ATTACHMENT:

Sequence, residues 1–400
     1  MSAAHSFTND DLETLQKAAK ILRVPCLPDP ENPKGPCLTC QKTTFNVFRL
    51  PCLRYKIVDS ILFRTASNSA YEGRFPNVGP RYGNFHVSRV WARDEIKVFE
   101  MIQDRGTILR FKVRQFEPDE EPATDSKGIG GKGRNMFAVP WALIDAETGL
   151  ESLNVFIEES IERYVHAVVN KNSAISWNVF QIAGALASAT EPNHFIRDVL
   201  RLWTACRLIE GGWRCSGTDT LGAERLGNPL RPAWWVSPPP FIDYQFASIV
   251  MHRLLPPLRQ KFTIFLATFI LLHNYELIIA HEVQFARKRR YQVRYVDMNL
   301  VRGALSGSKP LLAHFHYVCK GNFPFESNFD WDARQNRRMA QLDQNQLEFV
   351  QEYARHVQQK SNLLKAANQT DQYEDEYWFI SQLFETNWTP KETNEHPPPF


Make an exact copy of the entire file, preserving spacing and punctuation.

Sequence, residues 1–400
     1  MSAAHSFTND DLETLQKAAK ILRVPCLPDP ENPKGPCLTC QKTTFNVFRL
    51  PCLRYKIVDS ILFRTASNSA YEGRFPNVGP RYGNFHVSRV WARDEIKVFE
   101  MIQDRGTILR FKVRQFEPDE EPATDSKGIG GKGRNMFAVP WALIDAETGL
   151  ESLNVFIEES IERYVHAVVN KNSAISWNVF QIAGALASAT EPNHFIRDVL
   201  RLWTACRLIE GGWRCSGTDT LGAERLGNPL RPAWWVSPPP FIDYQFASIV
   251  MHRLLPPLRQ KFTIFLATFI LLHNYELIIA HEVQFARKRR YQVRYVDMNL
   301  VRGALSGSKP LLAHFHYVCK GNFPFESNFD WDARQNRRMA QLDQNQLEFV
   351  QEYARHVQQK SNLLKAANQT DQYEDEYWFI SQLFETNWTP KETNEHPPPF